Greenpeace has criticised the UK's largest tuna brand for the “indiscriminate killing of marine life” and accused the company of breaking assurances to use sustainable fishing methods.
In a league table of tuna suppliers produced by Greenpeace, John West has been ranked last because 98% of the company's tuna is caught using “unsustainable fishing methods”, which as a consequence “catch sharks, endangered turtles and other creatures”.
Greenpeace accused the fishing giant of “plumbing the depths of irresponsibility” as it continues to catch Most of its tuna using nets with Fish Aggregating Devices (FADs), killing other marine wildlife.
But John West maintains that they are just as “committed” to protecting the marine environment as when they made the promise in 2011 to achieve 100% of its sustainable tuna fishing by 2016.
Ariana Densham, Oceans Campaigner at Greenpeace UK, said: “In 2011 John West guaranteed consumers its tuna would be 100% sustainable by 2016 – but with little over a year to go, a pathetic 2% of its tuna is caught in a way which minimises harm to other marine life. It’s clear John West has no intention of keeping its sustainability promise.
“It’s a great achievement that all major supermarkets in the UK now only use fully sustainable tuna in their own brand products, caught using the pole and line method or in nets without FADs, which minimises harm to other animals.
“But John West continues to plumb the depths of irresponsibility – flooding our shelves with cheap tuna which comes at a huge cost: the indiscriminate killing of marine life. It’s also undermining the world-leading standard set by UK supermarkets.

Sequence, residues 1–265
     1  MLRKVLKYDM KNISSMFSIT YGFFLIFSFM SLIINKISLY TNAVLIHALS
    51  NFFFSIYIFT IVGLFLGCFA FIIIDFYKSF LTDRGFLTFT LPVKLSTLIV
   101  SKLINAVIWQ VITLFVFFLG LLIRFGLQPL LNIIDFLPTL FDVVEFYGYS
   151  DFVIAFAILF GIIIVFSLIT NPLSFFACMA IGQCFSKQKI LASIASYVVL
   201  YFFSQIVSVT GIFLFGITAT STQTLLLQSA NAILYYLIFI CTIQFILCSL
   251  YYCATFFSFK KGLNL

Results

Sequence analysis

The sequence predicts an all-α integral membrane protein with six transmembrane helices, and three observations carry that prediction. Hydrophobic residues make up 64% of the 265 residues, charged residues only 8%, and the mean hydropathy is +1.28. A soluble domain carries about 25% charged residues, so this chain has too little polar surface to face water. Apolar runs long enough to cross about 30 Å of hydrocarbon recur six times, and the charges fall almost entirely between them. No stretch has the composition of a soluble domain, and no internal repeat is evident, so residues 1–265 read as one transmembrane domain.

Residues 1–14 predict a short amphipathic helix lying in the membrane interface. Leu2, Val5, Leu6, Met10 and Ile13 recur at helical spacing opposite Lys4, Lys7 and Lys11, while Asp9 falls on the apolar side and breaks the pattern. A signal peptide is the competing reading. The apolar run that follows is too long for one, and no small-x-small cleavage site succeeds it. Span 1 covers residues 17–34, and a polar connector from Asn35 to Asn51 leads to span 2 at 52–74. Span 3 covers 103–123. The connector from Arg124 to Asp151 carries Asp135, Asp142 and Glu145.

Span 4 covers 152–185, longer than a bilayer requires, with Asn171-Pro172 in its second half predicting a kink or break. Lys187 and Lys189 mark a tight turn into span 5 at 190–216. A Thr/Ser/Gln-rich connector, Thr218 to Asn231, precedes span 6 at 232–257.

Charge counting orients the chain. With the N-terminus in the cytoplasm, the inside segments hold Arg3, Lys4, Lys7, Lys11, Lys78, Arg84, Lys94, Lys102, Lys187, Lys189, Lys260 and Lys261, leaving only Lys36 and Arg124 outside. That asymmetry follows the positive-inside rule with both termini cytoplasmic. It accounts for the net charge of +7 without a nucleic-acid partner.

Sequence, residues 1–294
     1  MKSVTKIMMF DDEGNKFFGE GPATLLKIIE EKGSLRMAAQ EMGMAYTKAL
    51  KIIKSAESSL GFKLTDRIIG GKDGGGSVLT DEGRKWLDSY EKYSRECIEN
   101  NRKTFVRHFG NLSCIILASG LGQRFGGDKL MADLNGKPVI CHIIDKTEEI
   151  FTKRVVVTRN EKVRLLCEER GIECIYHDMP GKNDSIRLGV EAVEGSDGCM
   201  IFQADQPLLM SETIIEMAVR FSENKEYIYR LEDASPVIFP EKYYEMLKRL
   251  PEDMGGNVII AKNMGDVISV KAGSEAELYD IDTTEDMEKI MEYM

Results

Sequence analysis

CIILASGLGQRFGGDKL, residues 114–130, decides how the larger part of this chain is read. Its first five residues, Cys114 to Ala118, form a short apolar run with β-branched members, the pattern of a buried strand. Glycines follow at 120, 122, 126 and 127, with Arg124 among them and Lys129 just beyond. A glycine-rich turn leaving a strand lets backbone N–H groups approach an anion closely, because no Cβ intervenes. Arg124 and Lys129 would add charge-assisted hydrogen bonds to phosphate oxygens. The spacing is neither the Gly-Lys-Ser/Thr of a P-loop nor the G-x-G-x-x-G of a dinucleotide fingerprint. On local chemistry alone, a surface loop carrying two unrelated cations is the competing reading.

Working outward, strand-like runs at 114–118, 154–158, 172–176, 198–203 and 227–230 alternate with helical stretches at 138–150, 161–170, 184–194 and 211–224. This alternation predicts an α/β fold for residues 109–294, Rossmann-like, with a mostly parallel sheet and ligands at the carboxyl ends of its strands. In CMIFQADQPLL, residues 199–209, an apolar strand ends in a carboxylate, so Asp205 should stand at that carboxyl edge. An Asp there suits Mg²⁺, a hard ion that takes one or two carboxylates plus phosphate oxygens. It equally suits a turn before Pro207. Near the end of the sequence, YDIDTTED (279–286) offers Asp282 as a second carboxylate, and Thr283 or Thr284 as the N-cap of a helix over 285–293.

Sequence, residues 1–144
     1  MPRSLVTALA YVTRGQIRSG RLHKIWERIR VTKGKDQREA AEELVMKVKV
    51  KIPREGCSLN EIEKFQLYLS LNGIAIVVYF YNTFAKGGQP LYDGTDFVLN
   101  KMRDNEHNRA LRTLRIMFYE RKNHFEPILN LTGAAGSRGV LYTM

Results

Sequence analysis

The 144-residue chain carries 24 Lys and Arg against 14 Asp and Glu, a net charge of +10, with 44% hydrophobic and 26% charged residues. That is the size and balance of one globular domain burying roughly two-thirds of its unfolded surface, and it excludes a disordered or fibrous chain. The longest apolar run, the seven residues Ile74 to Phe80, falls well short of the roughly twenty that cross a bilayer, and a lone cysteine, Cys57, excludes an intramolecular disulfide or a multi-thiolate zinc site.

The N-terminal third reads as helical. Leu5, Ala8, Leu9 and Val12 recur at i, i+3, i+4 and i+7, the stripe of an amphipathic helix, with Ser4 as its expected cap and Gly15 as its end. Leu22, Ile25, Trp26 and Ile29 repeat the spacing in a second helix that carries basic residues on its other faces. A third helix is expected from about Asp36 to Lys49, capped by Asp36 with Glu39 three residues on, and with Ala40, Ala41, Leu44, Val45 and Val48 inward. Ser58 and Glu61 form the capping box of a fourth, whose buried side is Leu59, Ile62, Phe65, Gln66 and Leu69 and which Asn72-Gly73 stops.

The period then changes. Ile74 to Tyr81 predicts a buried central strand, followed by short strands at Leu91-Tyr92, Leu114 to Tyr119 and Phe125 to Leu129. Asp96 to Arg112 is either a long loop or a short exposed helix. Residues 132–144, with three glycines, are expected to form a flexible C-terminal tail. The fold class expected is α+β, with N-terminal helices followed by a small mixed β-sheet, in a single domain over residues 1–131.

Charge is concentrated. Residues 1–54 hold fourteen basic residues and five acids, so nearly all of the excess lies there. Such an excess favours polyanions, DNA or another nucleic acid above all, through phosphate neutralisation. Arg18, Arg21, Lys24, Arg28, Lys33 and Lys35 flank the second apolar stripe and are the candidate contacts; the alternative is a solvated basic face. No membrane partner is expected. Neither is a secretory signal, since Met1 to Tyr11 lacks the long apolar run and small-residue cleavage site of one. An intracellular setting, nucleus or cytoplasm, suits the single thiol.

“The tide is turning on companies which sell unsustainable tuna and unless John West keeps its promise to UK consumers to stop using destructive fishing methods, it will find itself cast adrift.”
A spokesman for John West said: “The only thing that has changed is some of the methodology we employ to achieve that promise. All of our tuna is – and will always be – dolphin friendly.”
John West disputes the figures quoted by Greenpeace and says that a little more than 20% of its tuna is pole and line, but that a lot of this is provided to retailers for their private labels.
Their spokesman added: “We don’t agree with Greenpeace that pole and line is the only way to achieve sustainability in the tuna industry.
“Indeed, with significantly less than 10% of all the tuna in the world being caught using the pole and line method, and the global demand for tuna growing, it is clear that quite simply there is not enough pole and line tuna available.
“With growing demand and falling global supply, it is vital that the industry finds other ways to increase sustainability.”
Greenpeace’s Tuna League Table 2015 saw strong results from Waitrose, Marks and Spencer and Sainsbury’s, with significant improvement from Tesco.